Flarepath August 2016
The Plight of St Helena
THE SAINT Helena Airport fiasco is causing many of the island’s approximately 4 600 residents to face financial ruin as this remote Atlantic Ocean outpost relies heavily on tourism and with the newly constructed airport now having been indefinitely closed due mainly to dangerous cross winds and vertical windshear, little succour is apparent.
The ship which has plied for many years on a fortnightly service between St Helena and Cape Town bringing tourists, food and supplies – the only link with the island -- is being faced with scrapping as it has reached the end of its serviceable life, but although this date has been slightly extended as an emergency measure, it still has to be dry-docked before this month is out for its mandatory annual inspection.
Despite warnings that the new airport was being built in the wrong place with both ends of its sole runway at the top of cliffs 1 000 feet above the sea and surrounding hills causing dangerous and severe wind turbulence, it was decided to go ahead with its construction. This, also despite the fact that the runway was built out of alignment with the prevailing trade winds, resulting in virtually every landing and take off being a cross-wind one with the flight limitations that involves.
Yet, a survey carried out in the late 1970s showed that a possible position for the then proposed airport would be the Prosperous Bay Plain (some distance from the site later chosen and with better possible wind conditions). But even then there were doubts, as one of the surveyors involved in that study, Royal Engineer Major Glynn Berry (now retired), said in a recent letter, a copy of which was made available to World Airnews: “Although I selected Prosperous Bay Plain as the site, I oriented my concept strip (runway) in line with the trades, so landing would be over land rather than over sea. Regardless, I decided it was all too risky for any aircraft within my parameters so I declared it not feasible. The £300-million budget and modern technology could change all that, of course, but I am not sure it has!”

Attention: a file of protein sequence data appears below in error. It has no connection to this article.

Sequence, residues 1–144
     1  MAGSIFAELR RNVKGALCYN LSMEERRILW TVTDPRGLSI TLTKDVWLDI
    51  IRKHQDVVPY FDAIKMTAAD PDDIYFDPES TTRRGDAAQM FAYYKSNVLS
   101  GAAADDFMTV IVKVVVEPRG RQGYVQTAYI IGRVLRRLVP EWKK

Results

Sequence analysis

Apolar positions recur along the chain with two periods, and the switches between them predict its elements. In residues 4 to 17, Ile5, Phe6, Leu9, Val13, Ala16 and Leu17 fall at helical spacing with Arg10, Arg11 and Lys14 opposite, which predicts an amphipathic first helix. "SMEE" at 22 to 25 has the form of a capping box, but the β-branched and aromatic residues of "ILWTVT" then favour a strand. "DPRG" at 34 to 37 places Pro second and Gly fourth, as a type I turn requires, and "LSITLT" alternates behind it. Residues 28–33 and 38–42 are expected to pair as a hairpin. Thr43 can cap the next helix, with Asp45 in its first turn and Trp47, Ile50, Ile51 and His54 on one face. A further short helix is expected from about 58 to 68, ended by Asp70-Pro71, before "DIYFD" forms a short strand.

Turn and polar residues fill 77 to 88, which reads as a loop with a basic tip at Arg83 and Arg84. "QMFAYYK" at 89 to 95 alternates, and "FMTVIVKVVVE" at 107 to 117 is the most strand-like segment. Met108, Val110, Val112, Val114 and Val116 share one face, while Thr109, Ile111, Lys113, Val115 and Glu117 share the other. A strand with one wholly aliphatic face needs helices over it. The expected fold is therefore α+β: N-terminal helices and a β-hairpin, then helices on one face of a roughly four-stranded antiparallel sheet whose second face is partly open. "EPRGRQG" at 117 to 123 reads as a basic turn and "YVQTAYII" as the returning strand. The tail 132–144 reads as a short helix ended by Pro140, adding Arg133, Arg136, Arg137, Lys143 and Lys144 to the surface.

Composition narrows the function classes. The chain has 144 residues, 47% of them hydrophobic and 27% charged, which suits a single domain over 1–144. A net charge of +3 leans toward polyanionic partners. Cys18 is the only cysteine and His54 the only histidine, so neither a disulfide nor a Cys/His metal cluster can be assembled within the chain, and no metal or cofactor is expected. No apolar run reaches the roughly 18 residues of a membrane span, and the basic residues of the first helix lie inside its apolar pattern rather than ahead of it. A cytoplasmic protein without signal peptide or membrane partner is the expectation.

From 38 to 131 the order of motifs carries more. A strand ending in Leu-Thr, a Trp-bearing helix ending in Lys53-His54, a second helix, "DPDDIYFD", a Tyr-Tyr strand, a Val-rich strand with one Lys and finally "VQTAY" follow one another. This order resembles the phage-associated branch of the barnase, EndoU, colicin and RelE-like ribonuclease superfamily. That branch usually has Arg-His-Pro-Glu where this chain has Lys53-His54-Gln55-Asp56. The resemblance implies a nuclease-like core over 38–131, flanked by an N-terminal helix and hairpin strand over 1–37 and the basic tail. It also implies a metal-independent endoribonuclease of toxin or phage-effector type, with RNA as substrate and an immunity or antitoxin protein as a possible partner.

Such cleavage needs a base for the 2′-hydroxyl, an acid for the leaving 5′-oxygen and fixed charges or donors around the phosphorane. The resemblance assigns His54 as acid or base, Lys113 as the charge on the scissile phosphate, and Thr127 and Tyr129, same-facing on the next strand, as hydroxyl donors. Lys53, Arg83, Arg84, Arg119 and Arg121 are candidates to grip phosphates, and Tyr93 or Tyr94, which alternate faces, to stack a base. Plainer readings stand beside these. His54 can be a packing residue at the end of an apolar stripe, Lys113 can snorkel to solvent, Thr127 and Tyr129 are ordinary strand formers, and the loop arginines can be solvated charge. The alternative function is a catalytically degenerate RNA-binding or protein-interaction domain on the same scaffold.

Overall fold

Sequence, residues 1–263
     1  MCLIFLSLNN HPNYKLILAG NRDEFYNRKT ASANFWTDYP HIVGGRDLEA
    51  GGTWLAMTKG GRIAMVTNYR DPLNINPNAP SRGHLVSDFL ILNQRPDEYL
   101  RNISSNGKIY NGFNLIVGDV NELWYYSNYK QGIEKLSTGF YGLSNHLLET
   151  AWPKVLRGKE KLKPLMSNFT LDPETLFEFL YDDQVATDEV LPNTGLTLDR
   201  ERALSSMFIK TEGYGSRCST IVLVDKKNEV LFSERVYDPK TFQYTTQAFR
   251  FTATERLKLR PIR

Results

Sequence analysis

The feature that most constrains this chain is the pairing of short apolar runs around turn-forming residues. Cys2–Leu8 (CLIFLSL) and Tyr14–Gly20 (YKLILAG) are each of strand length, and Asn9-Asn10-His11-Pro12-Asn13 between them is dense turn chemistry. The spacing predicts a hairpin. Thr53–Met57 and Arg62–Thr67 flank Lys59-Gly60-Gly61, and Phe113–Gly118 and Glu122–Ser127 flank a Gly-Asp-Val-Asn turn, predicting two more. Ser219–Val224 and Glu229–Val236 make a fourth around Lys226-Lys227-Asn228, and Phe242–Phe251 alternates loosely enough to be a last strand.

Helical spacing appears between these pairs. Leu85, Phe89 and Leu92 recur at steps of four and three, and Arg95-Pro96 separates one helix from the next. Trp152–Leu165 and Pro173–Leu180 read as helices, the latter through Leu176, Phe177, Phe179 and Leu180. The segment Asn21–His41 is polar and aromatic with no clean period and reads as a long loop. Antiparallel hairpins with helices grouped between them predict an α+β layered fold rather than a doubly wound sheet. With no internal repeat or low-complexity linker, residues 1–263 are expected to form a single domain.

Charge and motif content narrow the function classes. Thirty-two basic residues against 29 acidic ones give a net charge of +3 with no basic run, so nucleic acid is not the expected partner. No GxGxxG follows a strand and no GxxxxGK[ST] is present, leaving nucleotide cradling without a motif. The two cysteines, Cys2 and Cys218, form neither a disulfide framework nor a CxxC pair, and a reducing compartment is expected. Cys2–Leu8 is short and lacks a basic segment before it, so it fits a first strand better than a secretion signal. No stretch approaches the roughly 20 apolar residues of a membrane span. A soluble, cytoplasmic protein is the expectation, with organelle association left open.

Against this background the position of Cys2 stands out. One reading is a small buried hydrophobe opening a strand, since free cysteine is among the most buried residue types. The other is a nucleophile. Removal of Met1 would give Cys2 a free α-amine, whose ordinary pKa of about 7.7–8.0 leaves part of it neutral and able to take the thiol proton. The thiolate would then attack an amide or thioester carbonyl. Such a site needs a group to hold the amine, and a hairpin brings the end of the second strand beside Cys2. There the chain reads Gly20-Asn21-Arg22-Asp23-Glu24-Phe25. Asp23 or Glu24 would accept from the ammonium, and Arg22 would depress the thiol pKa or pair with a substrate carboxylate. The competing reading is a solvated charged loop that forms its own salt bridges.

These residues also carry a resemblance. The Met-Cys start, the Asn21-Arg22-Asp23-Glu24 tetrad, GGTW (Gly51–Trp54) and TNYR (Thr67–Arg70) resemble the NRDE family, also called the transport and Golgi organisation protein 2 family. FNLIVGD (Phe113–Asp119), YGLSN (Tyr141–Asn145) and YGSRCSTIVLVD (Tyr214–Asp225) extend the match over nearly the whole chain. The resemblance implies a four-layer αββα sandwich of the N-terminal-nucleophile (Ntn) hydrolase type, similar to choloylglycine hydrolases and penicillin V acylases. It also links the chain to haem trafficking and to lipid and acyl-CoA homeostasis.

As matters stand at the moment and despite the St. Helena Government (SHG) claiming to have identified aircraft which could operate into the new strip safely and operators which would be prepared to fly to the island, in the interests of safety, it would be very risky, if not plain madness, to go ahead with operations, given the severe turbulence, windshear, crosswind and dense fog factors experienced at the new airport and even not considering the fact that the nearest alternate landing field is Windhoek, in Namibia, some 1 800 nautical miles distance.
Yet the British Government spent nearly three hundred million pounds on its construction saying that replacing the aging RMS St. Helena would cost £64- million to replace and, basically, was not an option. This was deemed uneconomical, despite the fact that three entirely new ships could be built for the amount spent on the airport and still have nearly half-a-million pounds of the money left over which has — by the look of it — has been wasted on the new airport. Tourism at the moment has all but dried up, although latest news is that the ship will continue operating for a few more voyages and that, by all accounts, all berths have already been fully booked.
Scant encouragement for the hotel owners/keepers, restaurateurs, and other trades folk who depend on income from tourists. Many are already faced with power being cut off because they simply do not have the income to meet the bills. In advance of the proposed opening in May (since abandoned) of the airfield by Royalty and the anticipated influx of tourists which the SHG and others had all but promised, this has not happened and the rooms stand deserted and the tables empty.
But what of the costs already incurred by “Saints” – the island name for its inhabitants -- who have outlaid large sums importing food, drinks and other goods (with the customs duties involved) to meet the expected influx. No government official or person has come forward with a solution, let alone recompense........................................ To read the full article please subscribe to our E Magazine Here.
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